The horror that we should be 50+ years into IT services before this seems important to enough for people to give a trendy name. How on earth have we survived this long without a “collaborative and productive relationship” between the people who build something and the people who operate it? And bear in mind both those groups are doing it for the same customer (in theory anyway).
To be fair to IT people though, perhaps this is an obligatory engineering practice we have picked up. Who remembers the days when getting your car repaired was unrelated to buying it? You bought it in the clean and shiny showroom at the front of the dealer, took it to the oily shed around the back if it broke. One of the things that has seen a step-change in the car industry – and is also changing ours and most others – is the realisation that we are now all delivering services and not products. So we are finally realising that long term usability and value is what defines success, not a shiny new – but fragile – toy. In fact, thinking of toys we all recall the gap between expectation and delivery of our childhood toys – the fancy and expensively engineered product that broke by Christmas evening compared to the cheap and solid – be it doll or push along car – that lasted until we outgrew it.
The car industry saw that happen – and we now have companies leading their adverts with a promise of lifetime car driving with their latest vehicles – with the mould really having been broken by Asian manufacturers offering 5 year unlimited mileage warranties. That was about selling a self-controlled transport service instead of a car – and really that is what most of us want. Amazing strides taking place on that front, of course, being taken by companies like Zipcar who have thought simply enough to see there is no absolute link between that service (self controlled transport) and car ownership. (Some of us want other things from a car of course – but that just leads us into the key first step of any successful service, know what your customer(s) want.)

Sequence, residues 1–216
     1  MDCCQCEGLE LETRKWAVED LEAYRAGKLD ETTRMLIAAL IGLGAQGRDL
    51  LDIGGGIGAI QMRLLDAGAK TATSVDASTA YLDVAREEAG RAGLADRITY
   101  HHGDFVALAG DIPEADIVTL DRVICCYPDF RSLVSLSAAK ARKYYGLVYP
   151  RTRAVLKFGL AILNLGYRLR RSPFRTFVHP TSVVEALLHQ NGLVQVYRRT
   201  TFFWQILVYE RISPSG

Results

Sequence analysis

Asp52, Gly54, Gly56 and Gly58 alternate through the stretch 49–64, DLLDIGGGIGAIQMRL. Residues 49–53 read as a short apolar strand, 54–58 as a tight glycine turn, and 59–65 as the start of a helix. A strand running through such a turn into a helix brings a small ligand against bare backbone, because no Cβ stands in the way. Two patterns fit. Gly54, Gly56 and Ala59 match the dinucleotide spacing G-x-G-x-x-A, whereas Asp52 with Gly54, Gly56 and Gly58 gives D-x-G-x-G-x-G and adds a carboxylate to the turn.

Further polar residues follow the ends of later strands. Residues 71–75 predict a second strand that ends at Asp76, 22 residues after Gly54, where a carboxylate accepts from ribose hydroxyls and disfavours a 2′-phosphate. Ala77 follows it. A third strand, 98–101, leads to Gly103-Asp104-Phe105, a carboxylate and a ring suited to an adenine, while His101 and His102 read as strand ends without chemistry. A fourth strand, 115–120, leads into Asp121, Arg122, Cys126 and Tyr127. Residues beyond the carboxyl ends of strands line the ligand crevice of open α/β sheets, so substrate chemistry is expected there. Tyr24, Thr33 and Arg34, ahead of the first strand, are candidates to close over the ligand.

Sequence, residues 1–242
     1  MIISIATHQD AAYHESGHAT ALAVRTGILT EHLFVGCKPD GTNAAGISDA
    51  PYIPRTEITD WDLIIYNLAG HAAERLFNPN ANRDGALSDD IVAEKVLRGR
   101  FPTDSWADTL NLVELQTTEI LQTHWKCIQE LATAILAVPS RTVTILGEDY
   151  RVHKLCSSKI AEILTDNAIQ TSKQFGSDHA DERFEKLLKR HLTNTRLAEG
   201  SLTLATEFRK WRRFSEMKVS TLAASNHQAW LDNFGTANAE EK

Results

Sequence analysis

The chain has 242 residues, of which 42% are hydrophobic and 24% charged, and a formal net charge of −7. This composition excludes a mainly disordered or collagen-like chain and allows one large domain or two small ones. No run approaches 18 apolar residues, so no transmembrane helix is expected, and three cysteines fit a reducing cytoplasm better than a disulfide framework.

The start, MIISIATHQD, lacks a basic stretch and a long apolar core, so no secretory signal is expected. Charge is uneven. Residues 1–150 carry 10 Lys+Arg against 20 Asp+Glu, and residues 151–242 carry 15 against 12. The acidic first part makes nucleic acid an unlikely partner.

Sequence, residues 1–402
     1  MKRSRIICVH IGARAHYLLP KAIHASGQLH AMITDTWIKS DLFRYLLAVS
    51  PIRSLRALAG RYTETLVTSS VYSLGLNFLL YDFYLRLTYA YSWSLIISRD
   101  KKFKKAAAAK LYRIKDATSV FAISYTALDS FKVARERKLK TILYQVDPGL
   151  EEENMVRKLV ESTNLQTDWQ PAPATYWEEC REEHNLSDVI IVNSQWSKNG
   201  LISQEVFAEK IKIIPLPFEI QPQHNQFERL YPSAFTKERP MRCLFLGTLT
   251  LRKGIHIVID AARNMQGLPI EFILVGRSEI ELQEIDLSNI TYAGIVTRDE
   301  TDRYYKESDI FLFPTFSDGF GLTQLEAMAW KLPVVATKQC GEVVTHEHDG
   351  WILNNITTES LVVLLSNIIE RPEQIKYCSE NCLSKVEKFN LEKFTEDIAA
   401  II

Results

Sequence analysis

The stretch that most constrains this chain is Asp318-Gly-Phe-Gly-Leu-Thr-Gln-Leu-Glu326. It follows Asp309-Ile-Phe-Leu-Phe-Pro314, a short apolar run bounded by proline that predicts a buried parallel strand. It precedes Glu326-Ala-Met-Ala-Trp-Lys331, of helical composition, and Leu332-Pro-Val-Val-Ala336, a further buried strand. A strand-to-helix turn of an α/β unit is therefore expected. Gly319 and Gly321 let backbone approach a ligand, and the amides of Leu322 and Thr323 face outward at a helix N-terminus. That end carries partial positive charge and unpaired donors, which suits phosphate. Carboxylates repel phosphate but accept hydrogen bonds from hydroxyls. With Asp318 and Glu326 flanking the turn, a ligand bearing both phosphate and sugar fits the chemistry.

Why I get so interested in all this is its basically what I’ve been saying for the last 20 years – my big advantage is that I came into IT from a services environment (I worked in a part of our organisation called ‘services group’) – and I never really understood why IT needed such a large and artificial wall between build and do. ITIL was (in large part) set up to try and break down the walls – initially an attempt to set up serious best practices and methodologies within operations to match what was already alive and well in development (hence the original name of the project – GITIMM, to mirror SSADM).
So … what am I saying? Please take devops seriously if that is what is needed to get better services. The complexity we need to address now means we have to stop maintaining any practices that prevent good ongoing service design and delivery. If giving it a name and a structure helps then let’s go there.
One of the things I am most proud about in the books I have contributed to is that we made up a fancy name for something good people already did (in our case early Life Support) – the intention was to give it profile and then people would add it to job roles and actually start to plan for it and then, finally, do it better.
Of course that brings with it the chance of looking like the emperor in his new clothes once you examine the detail and originality too carefully. But that’s good too – clever and original usually = doesn’t work too well at first. Solid old common sense (eventually) seems to me to offer a much firmer foundation to build on.
We need good foundations because the situation is actually a lot more complicated than we pretend – multiple customers, other stakeholders, users, operations as users – enough for a dozen more blogs, a handful of articles and a book. So … I’d better get on writing – and maybe so should you?
 Seems so to me anyway – the Delphic oracle was widely believed, responsibility free and most of those who used it didn’t understand where the knowledge came from.